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Title: State of the World 2007
Author(s): Worldwatch Institute
Date of Publication: 2007 Publisher: Earthscan
Pages: xxxi + 250 ISBN: 978 1 84407 391 7
Price: Format:Paperback
Overview:
Target Readership Sen Secondary
Presentation/Style
Content
Literature
Originality
Overall

 

 

 

 

 

 

Content: 1 – An urbanising world; 2 - Providing clean water and sanitation; 3 - Farming the cities; 4 - Greening transportation; 5 - Energising cities; 6 - Reducing natural disaster; 7 - Charting a new course for public health; 8 - Strengthening local economics; 9 - Fighting poverty and environmental injustice in cities.

Review: This, the 24th. in the series, focusses on urban issues. Regulars here will know the format but it's worth re-stating for those who haven't yet seen this series (where have you been!). The text opens with a very useful timeline highlighting the key environmental problems from late 2005 to late 2006. The list is diverse with topics ranging from forestry and climate to security and governance. The aim is to provide an insight into those events considered significant enough to warrant attention either by virtue of their size or importance to environmental issues. The remainder of the book tackles the key topic chosen for that year. As noted above, this year it is the urban world chosen because of the imminent passing of a landmark in human settlement - more than 50% of the world's population living in urban centres. The first chapter focusses on this broad issue and deals with urbanisation in various parts of the world in turn highlighting the key issues that are developing. At the end we find a few case studies showing what can be done to make urban areas more ecologically responsive. Chapter two looks at one of the most important issues for the urban poor - water and sanitation. The significance of this cannot be over-stated. If the urban poor are to be helped it is in the provision of decent basic services that the work must be done. Mumbai, one of the cases mentioned, has the world's largest slums with a population close to 6 million (larger than most cities) and it's in these kinds of numbers that some solution must be found. Chapter three looks at an old solution that needs to be modernised- farming in cities. Despite clearance for urbanisation, peri-urban farms have been highly productive - what is needed is a way to get the re-connection with the land. Chapter four brings an old debate - public versus private transit up to date with a focus on energy sources and efficiency. As with the first time around, debate suggests support for public transportation but there are also questions of rising car levels and the ways we can 'retro-fit' our cities to be more efficient. The theme of energy use continues into chapter five with its examination of the energy needs of cities. Again, this is an old debate - the local versus regional power supply - but with the usual twist of the needing to reduce carbon pollution. City lighting is the unusual focus here - taken as one of the key users of energy but whose amount is not always questioned. Examples of solar lighting are given showing that there are many ways out of this problem. Chapter six moves on to far less familiar territory - risk inherent in cities. The basic argument is that modern cities, due to both construction and location, are likely to be less 'safe' against natural hazards than older cities. Much of this is due to the cost of infrastructure rather than its importance (one writes here still remembering the way the 2004 tsunami was described as of limited importance because the 200,000+ deaths were, presumably, not insured!). Despite such disparities there is still much we need to do to protect all citizens. This chapter just reminds us that most of the issues described in this text apply unequally - far more to the developing and poor than the developed. Chapter seven tackles another common city issue, health. Environmental factors contribute considerably to lung diseases whilst poverty does little to help people address such issues. As if to counterpoint this, chapter eight looks at the ways in which cities can help the local economy. The role of strong local actors/stakeholders is seen as influential whilst the idea of micro-credit (small loans for poorer people) gets another nod for the work it has done. Circulating through all this work is the notion that equality is not just a nice idea but vital for the efficient functioning of cities. Fitting then that this text closes with a discussion on the need to fight injustice, especially environmental injustice.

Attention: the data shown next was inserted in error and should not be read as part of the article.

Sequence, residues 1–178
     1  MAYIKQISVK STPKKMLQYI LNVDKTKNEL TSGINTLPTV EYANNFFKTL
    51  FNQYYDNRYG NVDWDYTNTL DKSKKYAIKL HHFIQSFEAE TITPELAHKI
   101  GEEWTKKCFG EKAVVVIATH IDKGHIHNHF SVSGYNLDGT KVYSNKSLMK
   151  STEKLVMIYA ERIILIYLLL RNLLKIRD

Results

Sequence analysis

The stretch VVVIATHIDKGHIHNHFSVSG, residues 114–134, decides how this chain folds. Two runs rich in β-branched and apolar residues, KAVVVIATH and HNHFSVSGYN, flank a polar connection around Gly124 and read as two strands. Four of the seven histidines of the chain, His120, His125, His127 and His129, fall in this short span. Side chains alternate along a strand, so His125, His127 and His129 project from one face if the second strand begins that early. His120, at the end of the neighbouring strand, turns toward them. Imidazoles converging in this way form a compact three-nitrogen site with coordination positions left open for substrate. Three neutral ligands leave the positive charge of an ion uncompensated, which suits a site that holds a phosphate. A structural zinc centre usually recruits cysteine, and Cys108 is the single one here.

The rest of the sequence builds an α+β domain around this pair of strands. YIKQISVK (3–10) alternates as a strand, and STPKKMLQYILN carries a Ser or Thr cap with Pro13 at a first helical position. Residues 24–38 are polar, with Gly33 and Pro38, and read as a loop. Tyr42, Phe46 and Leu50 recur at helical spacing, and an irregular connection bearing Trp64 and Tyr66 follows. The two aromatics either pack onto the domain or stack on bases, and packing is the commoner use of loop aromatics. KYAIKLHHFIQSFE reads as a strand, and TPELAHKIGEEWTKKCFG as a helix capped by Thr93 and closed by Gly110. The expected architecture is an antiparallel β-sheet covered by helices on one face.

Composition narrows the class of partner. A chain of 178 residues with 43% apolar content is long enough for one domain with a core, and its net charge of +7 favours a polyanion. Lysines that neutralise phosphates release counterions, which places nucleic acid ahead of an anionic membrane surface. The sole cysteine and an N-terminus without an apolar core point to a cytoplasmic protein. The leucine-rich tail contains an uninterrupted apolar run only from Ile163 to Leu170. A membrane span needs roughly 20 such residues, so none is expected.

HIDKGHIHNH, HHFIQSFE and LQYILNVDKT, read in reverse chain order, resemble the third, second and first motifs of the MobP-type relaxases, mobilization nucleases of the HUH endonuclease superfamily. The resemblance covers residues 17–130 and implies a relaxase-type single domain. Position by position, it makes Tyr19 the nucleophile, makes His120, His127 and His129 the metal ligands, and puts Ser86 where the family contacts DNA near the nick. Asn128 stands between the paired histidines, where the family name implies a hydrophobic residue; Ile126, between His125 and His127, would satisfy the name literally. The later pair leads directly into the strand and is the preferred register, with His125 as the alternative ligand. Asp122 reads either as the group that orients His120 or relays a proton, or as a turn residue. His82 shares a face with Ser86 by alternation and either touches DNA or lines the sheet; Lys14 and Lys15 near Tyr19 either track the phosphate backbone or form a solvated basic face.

As with previous editions this book continues to deliver some of the best brief reports in their field. The standard of writing is consistently high not just within but between volumes. Students need to read this to see what good, well-thought out arguments look like. Where some other annual reports have failed to sustain an early promise this series just keeps delivering. Having recommended this text for years it must now be seen as essential reading for any serious environmental debate.

 

 

 

 

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